Marc de Hond,
Geen podcast?,
Marjan Berk en Johnny Kraaykamp jr.,
Brigitte Kaandorp,
Heleen Mees, Maarten van Roozendaal,
Barbara van Beukering, Gert Dumbar,
Jaap van der Zwan,
Lucie Stepanova,
Olaf Tempelman,
Paul Gelderloos,
Bas Heijne,
Herman Finkers,
Tijs Goldschmidt,
Truus Menger,
Eva Maria Staal,
A. C. Baantjer,
Ida de Ridder,
Ton Boot,
Robert Kranenborg,
Douwe Draaisma,
Maria Sickesz,
Jeroen Pauw,
Anne Hermans,
Hans Dorrestijn,
Niko Koffeman,
Renate Dorrestein,
Carola van Alphen,
Maurice de Hond,
Jef Vermassen,
Guus te Riele,
Jan Rot.

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Wednesday, October 29, 2008

Anne is a man and profile sites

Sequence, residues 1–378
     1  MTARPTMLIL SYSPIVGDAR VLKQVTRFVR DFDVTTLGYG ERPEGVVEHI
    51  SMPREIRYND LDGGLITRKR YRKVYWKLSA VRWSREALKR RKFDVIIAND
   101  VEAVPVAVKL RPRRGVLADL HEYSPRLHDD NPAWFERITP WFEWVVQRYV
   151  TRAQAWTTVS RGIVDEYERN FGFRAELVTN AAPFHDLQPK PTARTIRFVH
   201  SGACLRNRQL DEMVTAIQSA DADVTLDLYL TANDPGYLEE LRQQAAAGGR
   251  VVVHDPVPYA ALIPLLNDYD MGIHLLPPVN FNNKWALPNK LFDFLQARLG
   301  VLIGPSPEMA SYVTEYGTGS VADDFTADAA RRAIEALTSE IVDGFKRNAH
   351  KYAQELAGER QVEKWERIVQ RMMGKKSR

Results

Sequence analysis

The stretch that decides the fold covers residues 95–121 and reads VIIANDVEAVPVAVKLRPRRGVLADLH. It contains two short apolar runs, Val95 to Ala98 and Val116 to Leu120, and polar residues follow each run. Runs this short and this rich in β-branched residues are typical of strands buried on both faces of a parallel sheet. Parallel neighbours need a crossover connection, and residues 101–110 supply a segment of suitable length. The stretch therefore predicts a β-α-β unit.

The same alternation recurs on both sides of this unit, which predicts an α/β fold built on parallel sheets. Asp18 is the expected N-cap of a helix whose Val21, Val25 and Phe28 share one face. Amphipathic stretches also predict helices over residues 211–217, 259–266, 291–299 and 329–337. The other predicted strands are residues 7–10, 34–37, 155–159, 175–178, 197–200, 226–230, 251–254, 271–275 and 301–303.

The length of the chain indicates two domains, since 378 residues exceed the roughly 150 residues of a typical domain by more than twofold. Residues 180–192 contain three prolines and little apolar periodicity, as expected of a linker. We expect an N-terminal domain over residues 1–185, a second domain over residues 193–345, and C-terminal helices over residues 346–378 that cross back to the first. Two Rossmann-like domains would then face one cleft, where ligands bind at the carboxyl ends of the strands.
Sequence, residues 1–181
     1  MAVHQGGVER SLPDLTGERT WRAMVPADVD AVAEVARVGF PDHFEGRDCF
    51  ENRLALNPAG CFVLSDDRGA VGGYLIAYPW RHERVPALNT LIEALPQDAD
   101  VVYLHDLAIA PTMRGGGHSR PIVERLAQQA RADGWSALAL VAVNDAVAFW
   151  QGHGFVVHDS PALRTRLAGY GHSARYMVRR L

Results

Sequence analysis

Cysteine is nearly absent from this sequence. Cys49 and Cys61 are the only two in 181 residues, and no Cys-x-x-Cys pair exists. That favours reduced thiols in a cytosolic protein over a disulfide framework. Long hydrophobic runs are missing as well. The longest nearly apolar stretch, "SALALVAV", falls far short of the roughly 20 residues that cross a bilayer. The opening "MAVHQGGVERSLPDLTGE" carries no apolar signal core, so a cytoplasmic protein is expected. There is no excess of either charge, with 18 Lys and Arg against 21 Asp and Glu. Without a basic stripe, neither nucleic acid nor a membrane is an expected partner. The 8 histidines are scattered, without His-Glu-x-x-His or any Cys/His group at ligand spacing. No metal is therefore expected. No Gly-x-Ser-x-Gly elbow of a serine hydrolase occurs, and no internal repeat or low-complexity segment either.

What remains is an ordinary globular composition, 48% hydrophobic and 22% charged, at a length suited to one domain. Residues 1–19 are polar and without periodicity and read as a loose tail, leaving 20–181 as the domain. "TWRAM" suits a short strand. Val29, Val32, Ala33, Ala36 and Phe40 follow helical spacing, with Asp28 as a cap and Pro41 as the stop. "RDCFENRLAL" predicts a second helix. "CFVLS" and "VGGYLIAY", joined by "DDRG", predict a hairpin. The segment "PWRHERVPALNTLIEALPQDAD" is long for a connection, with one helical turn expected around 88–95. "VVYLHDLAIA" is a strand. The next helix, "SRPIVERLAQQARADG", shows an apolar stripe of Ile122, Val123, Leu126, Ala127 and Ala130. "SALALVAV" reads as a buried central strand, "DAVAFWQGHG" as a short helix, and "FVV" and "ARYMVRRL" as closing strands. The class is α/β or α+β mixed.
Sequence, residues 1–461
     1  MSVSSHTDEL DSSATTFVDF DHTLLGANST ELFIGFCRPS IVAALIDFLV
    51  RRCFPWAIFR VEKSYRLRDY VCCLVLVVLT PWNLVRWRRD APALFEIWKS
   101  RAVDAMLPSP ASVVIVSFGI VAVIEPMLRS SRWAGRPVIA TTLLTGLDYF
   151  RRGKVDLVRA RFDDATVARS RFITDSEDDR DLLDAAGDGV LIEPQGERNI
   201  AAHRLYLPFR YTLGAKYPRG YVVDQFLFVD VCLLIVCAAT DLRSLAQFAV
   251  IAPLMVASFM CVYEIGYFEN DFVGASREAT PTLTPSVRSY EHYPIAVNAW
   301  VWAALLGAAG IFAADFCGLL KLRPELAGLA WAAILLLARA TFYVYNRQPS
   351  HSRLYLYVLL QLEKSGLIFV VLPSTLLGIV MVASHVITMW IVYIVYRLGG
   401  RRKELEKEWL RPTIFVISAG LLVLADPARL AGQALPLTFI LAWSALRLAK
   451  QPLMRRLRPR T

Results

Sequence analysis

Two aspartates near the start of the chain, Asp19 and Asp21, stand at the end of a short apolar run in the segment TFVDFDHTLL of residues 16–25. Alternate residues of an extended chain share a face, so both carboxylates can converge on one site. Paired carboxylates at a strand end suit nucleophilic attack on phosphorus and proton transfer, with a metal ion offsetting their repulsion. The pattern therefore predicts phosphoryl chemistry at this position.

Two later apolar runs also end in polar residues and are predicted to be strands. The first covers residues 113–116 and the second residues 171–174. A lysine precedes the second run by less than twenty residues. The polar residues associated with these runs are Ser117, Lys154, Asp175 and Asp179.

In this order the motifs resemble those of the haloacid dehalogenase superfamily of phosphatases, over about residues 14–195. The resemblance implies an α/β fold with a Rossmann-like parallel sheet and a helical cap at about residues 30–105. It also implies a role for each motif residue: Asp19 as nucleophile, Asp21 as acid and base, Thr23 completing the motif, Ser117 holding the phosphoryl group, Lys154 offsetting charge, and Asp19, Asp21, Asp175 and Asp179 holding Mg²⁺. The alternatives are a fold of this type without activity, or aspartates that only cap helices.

I am frequently asked whether I am also available on one profile site or another. It seems my readers want to be able connect to me not just through the blog comments and email. I am indeed available on a range of profile sites, many of which I mainly use to promote the blog. I have decided to let you know where you can link up with me, below.

If you consider to do so, I would be pleased. I would be even more pleased if this linking up could result in something more than just a link between the readers an me. I would love to see the readers linking up with each other. My profiles on Facebook and Hyves, would allow that to a certain extent, but we could expand and join up on a Anne is a Man dedicated Facebook Page, or a Hyve on Hyves. In LinkedIn there is also the possibility to set up a group. Would you be interested in a Anne is Man-group, or better even yet, a podcast reviewer group?

In case there is some interest for one of these options, I will move along and set them up. While at it, this raises another question I have in my mind: would you be interested in getting an email newsletter from me, or be part of a Anne is a Man mailing list?